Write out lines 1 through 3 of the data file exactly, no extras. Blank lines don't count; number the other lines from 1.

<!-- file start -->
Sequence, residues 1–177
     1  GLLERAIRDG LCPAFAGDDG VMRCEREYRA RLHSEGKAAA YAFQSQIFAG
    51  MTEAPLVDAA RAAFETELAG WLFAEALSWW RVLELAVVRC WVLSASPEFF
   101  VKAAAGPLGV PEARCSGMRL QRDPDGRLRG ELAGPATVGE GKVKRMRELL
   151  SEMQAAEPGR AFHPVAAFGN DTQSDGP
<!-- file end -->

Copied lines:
Sequence, residues 1–177
     1  GLLERAIRDG LCPAFAGDDG VMRCEREYRA RLHSEGKAAA YAFQSQIFAG
    51  MTEAPLVDAA RAAFETELAG WLFAEALSWW RVLELAVVRC WVLSASPEFF